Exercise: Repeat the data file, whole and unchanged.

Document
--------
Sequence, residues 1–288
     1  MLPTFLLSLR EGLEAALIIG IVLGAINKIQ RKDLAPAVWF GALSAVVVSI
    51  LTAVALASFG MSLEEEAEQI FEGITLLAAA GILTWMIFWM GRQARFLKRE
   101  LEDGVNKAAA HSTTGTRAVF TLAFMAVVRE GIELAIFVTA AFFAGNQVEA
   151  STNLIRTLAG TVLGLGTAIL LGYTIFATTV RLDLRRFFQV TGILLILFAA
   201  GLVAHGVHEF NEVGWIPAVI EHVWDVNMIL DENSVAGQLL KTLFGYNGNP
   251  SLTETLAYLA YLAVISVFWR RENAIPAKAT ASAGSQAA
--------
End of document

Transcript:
Sequence, residues 1–288
     1  MLPTFLLSLR EGLEAALIIG IVLGAINKIQ RKDLAPAVWF GALSAVVVSI
    51  LTAVALASFG MSLEEEAEQI FEGITLLAAA GILTWMIFWM GRQARFLKRE
   101  LEDGVNKAAA HSTTGTRAVF TLAFMAVVRE GIELAIFVTA AFFAGNQVEA
   151  STNLIRTLAG TVLGLGTAIL LGYTIFATTV RLDLRRFFQV TGILLILFAA
   201  GLVAHGVHEF NEVGWIPAVI EHVWDVNMIL DENSVAGQLL KTLFGYNGNP
   251  SLTETLAYLA YLAVISVFWR RENAIPAKAT ASAGSQAA